The Palace houses many works of art and furnishings from the Royal Collection, mainly dating from the two main periods of the Palace's construction, the early Tudor (Renaissance) and late Stuart to Early Georgian period. The single most important works are Mantegna's Triumphs of Caesar housed in the Lower Orangery. The palace used to house the Raphael Cartoons now kept at the Victoria and Albert Museum, the Cartoon Gallery on the south side of the Fountain Court was designed by Christopher Wren for this purpose, copies painted in the 1690s by an artist named Henry Cooke are now displayed instead. Other artists with work displayed include:
Apart from the paintings some of the rarest items on display are the tapesteries, these include:
There are also important collections of ceramics on display, including numerous pieces of blue and white porcelain collected by Queen Mary II, both Chinese imports and Delftware.
Much original furniture from the late 17th and early 18th centuries is displayed, including tables by Jean Pelletier, mirrors by Gerrit Jensen, chairs by Thomas Roberts and clocks and a barometer by Thomas Tompion, several state beds are on display as is the Throne Canopy in the King's Privy Chamber which also contains a crystal chandelier c1700 probably the first such in the country.
The King's Guard Chamber contains a large quantity of arms: muskets, pistols, swords, daggers, powder horns and pieces of armour arranged on the walls in decorative patterns, bills exist for payment to a John Harris dated 1699 for the arrangement, which is believed to be that which can still be seen today.
Queen Jane Seymour gave birth to Prince Edward, the future King Edward VI at Hampton Court in 1537. She died there twelve days later, and her ghost is said to haunt the staircase in the Palace to this day. Queen Catherine Howard was arrested there in 1542 and is said to have run along the Long Gallery screaming for King Henry VIII to save her, before his guards caught her and dragged her away. A ghost is said to haunt the palace, sometimes screaming in the same hallway. Others report seeing the King Henry VIII and Anne Boleyn.
In October 2003, a closed-circuit security camera at Hampton Court had recorded an "indistinct image of "a mysterious figure in a long coat closing the fire doors." According to one report, "a ghostly-looking figure in period dress suddenly appeared on the screen and closed the doors. A female palace visitor wrote in the visitor book that she may have seen a ghost in that area during this time, too. "We're baffled too -- it's not a joke, we haven't manufactured it," said Vikki Wood, a Hampton Court spokeswoman, when asked if the photo the palace released was a Christmas hoax. "We genuinely don't know who it is or what it is. Explanations for the phenomena have ranged from a psychology researcher's suggestions that it could have been a member of the public thinking they were being helpful by shutting the doors, to others' suggestion of thermal effects.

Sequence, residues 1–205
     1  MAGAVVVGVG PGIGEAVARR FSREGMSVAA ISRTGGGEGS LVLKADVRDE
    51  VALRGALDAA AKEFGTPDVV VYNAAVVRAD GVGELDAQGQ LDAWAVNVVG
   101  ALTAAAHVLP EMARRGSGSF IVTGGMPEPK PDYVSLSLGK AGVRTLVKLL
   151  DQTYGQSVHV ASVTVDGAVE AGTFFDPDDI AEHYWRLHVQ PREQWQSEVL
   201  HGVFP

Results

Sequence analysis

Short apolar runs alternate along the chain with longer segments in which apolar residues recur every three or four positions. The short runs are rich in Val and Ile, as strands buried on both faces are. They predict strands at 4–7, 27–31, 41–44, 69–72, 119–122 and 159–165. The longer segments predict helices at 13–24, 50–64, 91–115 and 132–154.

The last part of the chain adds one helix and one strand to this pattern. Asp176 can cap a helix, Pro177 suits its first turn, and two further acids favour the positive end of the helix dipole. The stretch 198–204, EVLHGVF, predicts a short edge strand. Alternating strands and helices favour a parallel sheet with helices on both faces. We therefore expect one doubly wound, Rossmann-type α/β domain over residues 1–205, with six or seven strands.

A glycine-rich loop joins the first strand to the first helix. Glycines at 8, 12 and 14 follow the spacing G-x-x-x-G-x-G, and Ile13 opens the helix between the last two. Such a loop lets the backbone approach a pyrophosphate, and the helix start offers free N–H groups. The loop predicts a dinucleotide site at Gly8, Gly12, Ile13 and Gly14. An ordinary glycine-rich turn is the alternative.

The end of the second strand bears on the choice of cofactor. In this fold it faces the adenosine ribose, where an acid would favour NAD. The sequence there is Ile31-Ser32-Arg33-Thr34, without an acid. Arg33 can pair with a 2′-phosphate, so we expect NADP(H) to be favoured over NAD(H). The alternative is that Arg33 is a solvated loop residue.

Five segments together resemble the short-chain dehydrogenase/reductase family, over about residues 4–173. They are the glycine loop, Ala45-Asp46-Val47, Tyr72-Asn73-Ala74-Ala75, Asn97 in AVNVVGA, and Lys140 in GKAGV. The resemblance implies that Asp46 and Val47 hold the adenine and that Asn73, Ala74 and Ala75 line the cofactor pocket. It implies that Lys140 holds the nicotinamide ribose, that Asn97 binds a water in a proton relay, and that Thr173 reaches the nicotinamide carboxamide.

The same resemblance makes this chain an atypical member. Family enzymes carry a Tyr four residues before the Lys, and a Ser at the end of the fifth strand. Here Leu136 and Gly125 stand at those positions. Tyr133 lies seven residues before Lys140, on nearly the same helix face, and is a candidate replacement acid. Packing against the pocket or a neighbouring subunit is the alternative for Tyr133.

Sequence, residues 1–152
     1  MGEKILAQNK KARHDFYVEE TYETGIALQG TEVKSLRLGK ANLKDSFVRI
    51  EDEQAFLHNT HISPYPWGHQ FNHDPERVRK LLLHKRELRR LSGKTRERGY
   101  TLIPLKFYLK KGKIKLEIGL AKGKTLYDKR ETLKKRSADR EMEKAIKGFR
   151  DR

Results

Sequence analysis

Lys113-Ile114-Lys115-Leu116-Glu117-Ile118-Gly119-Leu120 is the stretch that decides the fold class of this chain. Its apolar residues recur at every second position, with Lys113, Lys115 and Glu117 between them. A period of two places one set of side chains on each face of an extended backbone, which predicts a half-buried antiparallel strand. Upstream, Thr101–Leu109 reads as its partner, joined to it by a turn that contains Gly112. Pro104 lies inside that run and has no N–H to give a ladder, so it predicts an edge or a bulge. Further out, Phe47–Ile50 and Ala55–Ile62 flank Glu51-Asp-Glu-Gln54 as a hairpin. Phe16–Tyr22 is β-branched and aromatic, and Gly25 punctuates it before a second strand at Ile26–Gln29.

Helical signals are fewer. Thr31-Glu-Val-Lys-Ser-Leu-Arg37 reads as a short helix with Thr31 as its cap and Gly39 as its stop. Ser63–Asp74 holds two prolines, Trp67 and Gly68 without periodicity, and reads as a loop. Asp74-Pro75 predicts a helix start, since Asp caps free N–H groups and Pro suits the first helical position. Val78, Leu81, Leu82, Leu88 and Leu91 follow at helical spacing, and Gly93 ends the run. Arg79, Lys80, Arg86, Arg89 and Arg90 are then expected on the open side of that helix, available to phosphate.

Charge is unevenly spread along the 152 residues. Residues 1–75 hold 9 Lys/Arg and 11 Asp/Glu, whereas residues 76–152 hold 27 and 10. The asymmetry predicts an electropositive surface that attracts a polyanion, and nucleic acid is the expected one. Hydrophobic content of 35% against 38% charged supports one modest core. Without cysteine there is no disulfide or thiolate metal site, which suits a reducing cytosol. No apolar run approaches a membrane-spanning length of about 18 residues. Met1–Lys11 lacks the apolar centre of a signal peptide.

The maze is in of riverside gardens. It has been described by many authors, including Defoe, who inaccurately called it a labyrinth, and the humorist Jerome K. Jerome, who wrote in Three Men in a Boat:
- "We'll just go in here, so that you can say you've been, but it's very simple. It's absurd to call it a maze. You keep on taking the first turning to the right. We'll just walk round for ten minutes, and then go and get some lunch."
- ...Harris kept on turning to the right, but it seemed a long way, and his cousin said he supposed it was a very big maze.
- "Oh, one of the largest in Europe," said Rachael.
- "Yes, it must be," replied the cousin, "because we've walked a good two miles (3 km) already!"
- Harris began to think it rather strange himself, but he held on until, at last, they passed the half of a penny bun on the ground that Harris's cousin swore he had noticed there seven minutes ago.
Jerome exaggerates the hazards of the maze. The maze has relatively few places at which the path forks and at all but one fork (in Jerome's time) the wrong choice led to a dead end at the end of a short corridor. There are many larger and more elaborate mazes nowadays. Recently, three new forking places (not shown on the plan displayed just outside the entrance) have introduced more possibilities of walking closed loops within the maze. The maze can still, as Harris stated, be threaded from entrance to centre and back by the method of always remaining in contact with the wall on one's right. This method guides the traveller into (and then out of) some dead ends and is thus not the shortest path.
In 2006, arts group Greyworld were commissioned to create a permanent artwork for the maze. Their installation, a sound work triggered by hidden sensors embedded in the maze walls, is entitled Trace.
Every year from the first weekend of December until the 2nd weekend of January, there is an Ice Rink in the forecourt of the palace. People can skate for up to an hour at a time and then enjoy traditional hot chocolate at the side.